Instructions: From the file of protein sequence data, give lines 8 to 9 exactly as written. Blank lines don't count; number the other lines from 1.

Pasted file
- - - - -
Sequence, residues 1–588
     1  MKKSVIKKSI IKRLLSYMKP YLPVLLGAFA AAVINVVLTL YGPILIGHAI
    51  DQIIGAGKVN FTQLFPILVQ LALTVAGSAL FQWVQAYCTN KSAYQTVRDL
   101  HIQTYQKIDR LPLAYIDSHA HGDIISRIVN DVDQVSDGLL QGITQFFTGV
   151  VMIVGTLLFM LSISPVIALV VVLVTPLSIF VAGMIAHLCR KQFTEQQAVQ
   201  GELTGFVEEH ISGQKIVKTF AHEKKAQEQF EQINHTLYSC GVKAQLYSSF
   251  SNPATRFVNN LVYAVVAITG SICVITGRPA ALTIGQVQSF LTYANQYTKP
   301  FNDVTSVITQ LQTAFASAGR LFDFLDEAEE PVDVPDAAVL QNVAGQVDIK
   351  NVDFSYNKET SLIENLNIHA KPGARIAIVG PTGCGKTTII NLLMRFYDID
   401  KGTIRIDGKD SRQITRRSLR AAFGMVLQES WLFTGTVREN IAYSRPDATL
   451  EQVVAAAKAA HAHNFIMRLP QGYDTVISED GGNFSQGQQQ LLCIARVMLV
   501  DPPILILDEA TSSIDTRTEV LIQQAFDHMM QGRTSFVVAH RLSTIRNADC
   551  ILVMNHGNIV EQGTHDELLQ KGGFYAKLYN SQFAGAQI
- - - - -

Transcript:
   301  FNDVTSVITQ LQTAFASAGR LFDFLDEAEE PVDVPDAAVL QNVAGQVDIK
   351  NVDFSYNKET SLIENLNIHA KPGARIAIVG PTGCGKTTII NLLMRFYDID